State-run healthcare struggling under Moon administration

17-Aug-2020 Intellasia | KoreaTimes | 10:13 AM Print This Post

The prolonged COVID-19 pandemic is causing an unexpectedly large health insurance deficit this year. Critics were quick to blame the deficit on President Moon Jae-in’s policy, dubbed “Mooncare,” which plans to expand the coverage of the state-run health insurance to 70 percent by 2023, and warned of its failure. But experts and the National Health Insurance Service (NHIS) view it’s too early to worry.

According to data from NHIS, the health insurance deficit reached 943.5 billion won in the first half of the year, up 548.9 billion won from a year earlier, as the country has suffered from financial difficulties due to the unprecedented pandemic.

The deficit marked the third year in a row that the health insurance balance has been in the red. In 2019 the current account deficit stood at 3.2 trillion won and in 2018 it was at 177.8 billion won after running a surplus for seven straight years.

The administration vowed to continue expanding NHIS coverage, especially for those in the low-income brackets, children and elderly, but Mooncare is facing strong protest from political opponents and medical doctors.

Critics of Mooncare claim premium increases are inevitable and the health insurance fund may run out of money as early as 2023 if the President maintains his rigid stance on boosting the health insurance coverage rate to 70 percent by the end of his term. Conservatives warns that if Mooncare’s pace remains unchanged, health insurance finances will be left severely depleted.

‘Planned’ deficit for expanding coverage

An NHIS official said the concerns have been exaggerated to a degree.

“In fact, the government is already aware of the increase in the deficit in the health insurance area and the subsequent decrease in accumulated cash reserves. The government has set up a fiscal plan, believing that the deficit will naturally increase as the national health insurance coverage expands,” said an anonymous official from the NHIS’ finance and management department.

“In particular, last year’s health insurance deficit was a planned one to strengthen the coverage expansion. Following the expansion of health insurance coverage for major non-indemnities such as ultrasound and magnetic resonance imaging checkups, as well as the use of emergency rooms and intensive care units, the deficit was already expected.”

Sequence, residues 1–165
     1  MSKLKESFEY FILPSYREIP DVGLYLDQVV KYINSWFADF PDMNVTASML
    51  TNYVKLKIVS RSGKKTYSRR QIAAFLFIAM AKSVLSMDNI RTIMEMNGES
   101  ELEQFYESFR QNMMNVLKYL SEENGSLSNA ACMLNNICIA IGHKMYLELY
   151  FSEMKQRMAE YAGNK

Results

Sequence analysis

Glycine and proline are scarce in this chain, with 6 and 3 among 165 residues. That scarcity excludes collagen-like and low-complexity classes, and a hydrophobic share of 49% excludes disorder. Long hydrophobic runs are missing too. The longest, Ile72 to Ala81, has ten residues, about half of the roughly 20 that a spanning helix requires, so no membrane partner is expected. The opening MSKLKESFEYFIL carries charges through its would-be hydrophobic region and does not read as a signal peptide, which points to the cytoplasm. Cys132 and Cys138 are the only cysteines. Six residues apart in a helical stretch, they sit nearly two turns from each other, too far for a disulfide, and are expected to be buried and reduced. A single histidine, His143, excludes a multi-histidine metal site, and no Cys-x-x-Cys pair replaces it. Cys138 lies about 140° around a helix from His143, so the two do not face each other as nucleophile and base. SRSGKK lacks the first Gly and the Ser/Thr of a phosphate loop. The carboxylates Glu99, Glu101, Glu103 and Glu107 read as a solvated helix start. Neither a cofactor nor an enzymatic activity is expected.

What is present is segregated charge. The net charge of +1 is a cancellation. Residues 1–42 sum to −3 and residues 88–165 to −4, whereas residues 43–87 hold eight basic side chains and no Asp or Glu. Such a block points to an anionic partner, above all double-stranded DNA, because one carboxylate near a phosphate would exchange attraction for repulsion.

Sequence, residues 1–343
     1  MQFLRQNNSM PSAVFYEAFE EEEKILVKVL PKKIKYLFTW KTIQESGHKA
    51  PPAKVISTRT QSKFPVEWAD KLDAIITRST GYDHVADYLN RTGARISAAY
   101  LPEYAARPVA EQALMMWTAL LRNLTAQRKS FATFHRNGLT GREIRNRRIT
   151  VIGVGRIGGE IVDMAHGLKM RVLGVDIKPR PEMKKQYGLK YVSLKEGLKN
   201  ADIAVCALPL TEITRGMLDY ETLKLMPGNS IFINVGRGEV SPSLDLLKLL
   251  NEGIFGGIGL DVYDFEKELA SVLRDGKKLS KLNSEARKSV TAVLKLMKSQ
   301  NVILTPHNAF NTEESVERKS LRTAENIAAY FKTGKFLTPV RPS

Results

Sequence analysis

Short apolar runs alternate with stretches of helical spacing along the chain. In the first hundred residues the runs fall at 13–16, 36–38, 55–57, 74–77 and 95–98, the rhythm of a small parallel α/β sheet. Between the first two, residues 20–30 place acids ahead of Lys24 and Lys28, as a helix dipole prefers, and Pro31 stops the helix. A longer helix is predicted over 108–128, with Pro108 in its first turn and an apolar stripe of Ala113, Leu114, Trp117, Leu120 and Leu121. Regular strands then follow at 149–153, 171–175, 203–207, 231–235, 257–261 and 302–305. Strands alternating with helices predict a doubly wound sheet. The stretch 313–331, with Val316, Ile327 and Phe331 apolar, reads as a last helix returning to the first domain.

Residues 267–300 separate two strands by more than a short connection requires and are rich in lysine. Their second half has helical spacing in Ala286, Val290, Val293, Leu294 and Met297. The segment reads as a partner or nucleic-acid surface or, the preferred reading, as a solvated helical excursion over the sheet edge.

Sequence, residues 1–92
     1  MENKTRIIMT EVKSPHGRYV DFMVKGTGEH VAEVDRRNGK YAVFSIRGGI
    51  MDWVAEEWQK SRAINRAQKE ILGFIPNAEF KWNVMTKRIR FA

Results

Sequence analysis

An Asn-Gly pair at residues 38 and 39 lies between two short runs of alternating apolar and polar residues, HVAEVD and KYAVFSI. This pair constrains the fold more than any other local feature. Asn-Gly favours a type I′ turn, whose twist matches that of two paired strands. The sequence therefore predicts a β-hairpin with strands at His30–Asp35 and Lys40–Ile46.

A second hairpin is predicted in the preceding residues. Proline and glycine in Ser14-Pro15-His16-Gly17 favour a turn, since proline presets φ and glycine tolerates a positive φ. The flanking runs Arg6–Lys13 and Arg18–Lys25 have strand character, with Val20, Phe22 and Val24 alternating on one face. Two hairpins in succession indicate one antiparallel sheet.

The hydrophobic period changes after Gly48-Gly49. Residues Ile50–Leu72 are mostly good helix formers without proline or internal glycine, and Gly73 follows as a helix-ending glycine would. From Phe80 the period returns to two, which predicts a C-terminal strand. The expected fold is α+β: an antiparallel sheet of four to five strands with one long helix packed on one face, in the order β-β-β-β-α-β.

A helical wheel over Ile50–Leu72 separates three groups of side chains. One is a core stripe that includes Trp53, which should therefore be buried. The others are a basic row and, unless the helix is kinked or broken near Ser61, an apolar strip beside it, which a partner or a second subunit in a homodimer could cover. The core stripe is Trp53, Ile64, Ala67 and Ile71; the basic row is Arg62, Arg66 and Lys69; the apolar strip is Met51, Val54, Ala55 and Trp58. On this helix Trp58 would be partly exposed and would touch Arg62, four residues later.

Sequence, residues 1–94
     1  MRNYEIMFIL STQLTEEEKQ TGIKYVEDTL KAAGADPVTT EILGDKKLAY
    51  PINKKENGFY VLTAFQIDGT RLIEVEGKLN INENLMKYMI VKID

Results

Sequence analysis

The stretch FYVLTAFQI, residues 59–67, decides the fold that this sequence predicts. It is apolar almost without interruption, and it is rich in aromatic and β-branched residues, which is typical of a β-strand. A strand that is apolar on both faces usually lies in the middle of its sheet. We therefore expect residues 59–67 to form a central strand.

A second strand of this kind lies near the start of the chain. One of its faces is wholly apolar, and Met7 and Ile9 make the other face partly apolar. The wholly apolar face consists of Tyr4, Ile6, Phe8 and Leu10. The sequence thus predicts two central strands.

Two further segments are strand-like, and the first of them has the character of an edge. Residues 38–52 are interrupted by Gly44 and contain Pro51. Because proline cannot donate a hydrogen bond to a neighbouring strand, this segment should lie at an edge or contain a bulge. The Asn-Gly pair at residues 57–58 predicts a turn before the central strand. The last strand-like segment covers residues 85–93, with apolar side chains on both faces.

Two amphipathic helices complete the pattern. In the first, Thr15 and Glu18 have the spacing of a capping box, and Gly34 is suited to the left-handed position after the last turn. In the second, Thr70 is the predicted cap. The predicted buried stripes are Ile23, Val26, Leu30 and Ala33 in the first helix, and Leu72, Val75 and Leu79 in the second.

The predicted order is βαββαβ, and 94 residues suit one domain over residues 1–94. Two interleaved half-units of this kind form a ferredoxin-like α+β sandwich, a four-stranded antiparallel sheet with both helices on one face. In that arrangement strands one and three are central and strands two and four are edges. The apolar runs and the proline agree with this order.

One thing to take note of is that when Moon took office, the NHIS had a reserve of 20 trillion won. The President promised to expand coverage to bring the amount down to 10 trillion won and also increase insurance premiums moderately so that the surplus could be maintained around 10 trillion won after 2023.

Experts said the deficit isn’t a major concern at this stage considering the current amount of the NHIS’ cash reserves.

“Of course its success will depend on the health insurance’s fiscal soundness, and Mooncare did not start just because the NHIS has sufficient cash reserves. However, to reach the goal to expand the insurance coverage, the increasing budget spending is inevitable,” said Jeong Hyoung-sun, a professor at Yonsei University’s department of health administration.

Experts point out that debt growth also needs to be analysed from a different perspective.

After treating a patient, a hospital charges the health insurance service for medical treatment and receives the medical treatment cost one or two months later. This treatment fee must be paid to the hospital later, so it is considered a debt. But this year, most of the deficit the NHIS posted was mainly due to a change in the method of paying medical expenses to hospitals. As the number of patients increased due to the influence of coronavirus spreading, hospitals were able to receive part of their medical expenses from the NHIS in advance.

Considering this point, experts claim, it is not reasonable to say that the debt has suddenly increased due to the expansion of insurance coverage.

“Let’s say the government spent 10 trillion won although they originally planned to spend 5 trillion won for the coverage expansion, then it would be a huge problem. But now the government has been keeping up the level of expenditure which they initially planned,” said Kim Yoon, a professor of department of medical management at Seoul National University.

Kim also stressed that it is more important to create a fiscal expenditure efficiency mechanism that reduces wasteful spending while expanding the national insurance coverage.

“The NHIS has been using the accumulated cash reserves for the deficit right now, but after 2023, the time will come when they will have to raise the premium and balance the income,” he said. “The government needs to come up with a clear plan, and communicate with the public about the benefits that the increase in insurance premiums will bring.”

https://www.koreatimes.co.kr/www/nation/2020/08/119_294452.html

 

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